If heavy burden of sooty mold in Jasmine leaves, the light won’t be able to penetrate in the leaf, as the photosynthesis process can’t be carried out, and therefore the nutrients won’t reach the leaves making them turn yellow and eventually the plant will die.
Treatment for sooty mold in Confederate Jasmine.
Sooty mold, although being quite infective, it is not fatal to our Jasmine plant. Usually, the rain will eventually clean up the plant form these nasty fungi, or at least it will dilute the burden.
You can also rinse your Star Jasmine plant thoroughly with mild soapy water sprays. Inspect the leaves regularly and frequently to ensure our plant is not covered by insects.
Plasmopara viticol, aka, Downy mildews, compiles all types of oomycete microbes or what’s called fungus-like organisms. These types of organisms, viciously attack the leaves and the upper parts of our Star Jasmine plant. Downy mildews absolutely thrive in cool, damp and moist conditions, unlike the rest of the fungal conditions which love warm and humid environmental conditions. They tend to infect young and and distress Jasmine plants, so young jasmine shrubs will be the perfect prey for these microorganisms. When Star Jasmine plants get infected by downy mildew, the leaves will slowly but progressive start turn yellow with discoloured patches which will be found on the underside of the leaf in combination with areas of white and greyish of other fungal growth. This will ultimately lead to the death of the stems and the leaves will turn purple. If the flower buds are infected, they will simply start getting brown and eventually will drop off. These guys are not limited to infect Jasmine plants but also being quite popular offenders in other edible crips such as lettuce, cauliflowers or onions. To help treating and fixing this process, it is essential to remove and destroy all infected leaves and other parts of the plants as quickly as possible, as the clinical symptoms are seen.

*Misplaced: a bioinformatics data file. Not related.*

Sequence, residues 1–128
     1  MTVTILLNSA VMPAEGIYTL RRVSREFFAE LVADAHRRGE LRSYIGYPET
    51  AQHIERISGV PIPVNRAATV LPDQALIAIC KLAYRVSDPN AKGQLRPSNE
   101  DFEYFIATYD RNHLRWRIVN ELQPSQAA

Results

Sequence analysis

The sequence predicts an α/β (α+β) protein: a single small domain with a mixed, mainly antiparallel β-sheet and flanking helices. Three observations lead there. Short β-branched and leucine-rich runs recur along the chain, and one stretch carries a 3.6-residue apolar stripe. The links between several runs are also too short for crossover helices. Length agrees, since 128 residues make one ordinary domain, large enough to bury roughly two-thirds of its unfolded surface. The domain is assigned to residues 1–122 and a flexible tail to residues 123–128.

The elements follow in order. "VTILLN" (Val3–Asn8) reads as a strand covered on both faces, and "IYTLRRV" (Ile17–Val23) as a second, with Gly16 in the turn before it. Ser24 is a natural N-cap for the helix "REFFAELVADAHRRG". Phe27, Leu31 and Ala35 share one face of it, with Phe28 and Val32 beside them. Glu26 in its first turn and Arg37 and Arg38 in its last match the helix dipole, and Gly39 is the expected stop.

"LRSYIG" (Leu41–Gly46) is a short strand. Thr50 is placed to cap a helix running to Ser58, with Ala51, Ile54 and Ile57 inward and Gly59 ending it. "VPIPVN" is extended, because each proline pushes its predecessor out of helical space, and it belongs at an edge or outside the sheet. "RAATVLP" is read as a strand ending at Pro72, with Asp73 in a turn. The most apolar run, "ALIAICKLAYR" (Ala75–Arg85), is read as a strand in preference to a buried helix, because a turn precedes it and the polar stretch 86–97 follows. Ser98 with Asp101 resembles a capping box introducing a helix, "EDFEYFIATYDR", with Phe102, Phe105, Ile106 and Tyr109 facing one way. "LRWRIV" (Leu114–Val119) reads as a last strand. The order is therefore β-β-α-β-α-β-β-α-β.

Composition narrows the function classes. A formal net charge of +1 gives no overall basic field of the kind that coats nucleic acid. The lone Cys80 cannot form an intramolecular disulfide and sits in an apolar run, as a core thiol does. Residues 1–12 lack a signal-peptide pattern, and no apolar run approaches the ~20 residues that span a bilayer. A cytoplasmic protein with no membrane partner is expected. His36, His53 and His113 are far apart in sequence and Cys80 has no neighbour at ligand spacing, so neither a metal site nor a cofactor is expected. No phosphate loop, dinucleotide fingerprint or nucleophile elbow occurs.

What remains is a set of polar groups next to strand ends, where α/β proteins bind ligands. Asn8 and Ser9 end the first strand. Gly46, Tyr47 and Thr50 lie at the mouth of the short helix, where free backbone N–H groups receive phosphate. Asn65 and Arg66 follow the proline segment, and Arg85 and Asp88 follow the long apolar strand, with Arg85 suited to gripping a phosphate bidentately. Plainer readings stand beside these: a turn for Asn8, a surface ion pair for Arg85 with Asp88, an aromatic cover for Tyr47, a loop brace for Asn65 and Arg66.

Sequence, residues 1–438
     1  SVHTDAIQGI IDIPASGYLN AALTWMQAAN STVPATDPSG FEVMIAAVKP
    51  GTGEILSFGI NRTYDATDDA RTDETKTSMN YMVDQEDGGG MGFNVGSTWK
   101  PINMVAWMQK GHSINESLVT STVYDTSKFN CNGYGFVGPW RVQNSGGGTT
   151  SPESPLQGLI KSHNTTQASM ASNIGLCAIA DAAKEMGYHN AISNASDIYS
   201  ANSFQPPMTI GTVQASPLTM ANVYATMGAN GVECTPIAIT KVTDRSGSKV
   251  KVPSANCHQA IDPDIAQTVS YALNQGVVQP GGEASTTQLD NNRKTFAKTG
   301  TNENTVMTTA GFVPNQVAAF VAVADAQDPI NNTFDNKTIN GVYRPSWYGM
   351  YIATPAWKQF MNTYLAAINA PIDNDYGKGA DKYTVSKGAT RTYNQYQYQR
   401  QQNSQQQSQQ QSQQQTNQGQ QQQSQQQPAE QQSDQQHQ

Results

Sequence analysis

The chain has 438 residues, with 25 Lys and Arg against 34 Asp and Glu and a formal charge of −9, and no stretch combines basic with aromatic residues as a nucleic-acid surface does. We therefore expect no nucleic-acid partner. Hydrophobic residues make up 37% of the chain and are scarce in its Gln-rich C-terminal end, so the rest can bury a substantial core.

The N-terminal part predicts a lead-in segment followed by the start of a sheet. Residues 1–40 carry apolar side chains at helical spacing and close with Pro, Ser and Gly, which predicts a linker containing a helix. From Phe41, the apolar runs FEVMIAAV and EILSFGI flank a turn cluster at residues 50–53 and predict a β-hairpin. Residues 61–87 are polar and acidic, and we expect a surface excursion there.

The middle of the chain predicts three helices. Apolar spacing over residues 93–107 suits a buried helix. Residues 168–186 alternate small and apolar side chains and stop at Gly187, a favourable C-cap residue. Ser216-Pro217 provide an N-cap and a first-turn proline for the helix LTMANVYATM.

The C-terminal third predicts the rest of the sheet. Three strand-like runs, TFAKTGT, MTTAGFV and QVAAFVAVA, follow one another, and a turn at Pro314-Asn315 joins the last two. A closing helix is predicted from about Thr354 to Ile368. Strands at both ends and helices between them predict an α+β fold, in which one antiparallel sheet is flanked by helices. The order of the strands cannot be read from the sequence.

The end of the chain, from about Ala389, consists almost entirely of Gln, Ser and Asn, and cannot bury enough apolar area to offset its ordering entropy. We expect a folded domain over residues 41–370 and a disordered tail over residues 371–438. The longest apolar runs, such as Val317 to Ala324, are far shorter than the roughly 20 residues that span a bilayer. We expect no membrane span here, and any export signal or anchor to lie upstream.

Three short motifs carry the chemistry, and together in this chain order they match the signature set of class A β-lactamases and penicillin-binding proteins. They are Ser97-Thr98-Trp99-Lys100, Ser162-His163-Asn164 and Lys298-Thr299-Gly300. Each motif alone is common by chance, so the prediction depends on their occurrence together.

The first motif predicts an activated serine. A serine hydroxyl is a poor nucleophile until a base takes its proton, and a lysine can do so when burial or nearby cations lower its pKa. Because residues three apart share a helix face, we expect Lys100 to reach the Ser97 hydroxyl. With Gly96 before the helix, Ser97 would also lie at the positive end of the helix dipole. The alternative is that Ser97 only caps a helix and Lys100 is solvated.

This includes, some healthy parts of the plants and soil in the surrounding to help ensuring all infected agents are destroyed. As we have learnt earlier, these micro-organisms love a cool and moist environment, so, it is really important that we ensure a good air circulation in the plant, as well as, proper watering practises early int he morning, to allow the warmth of the day to dry up the excess moisture through the day. When this infection occurs, chemical fungicides are required at 5-7-day intervals. These chemical fungicides involve the ones which main ingredients are mancozeb or chlorothalonil.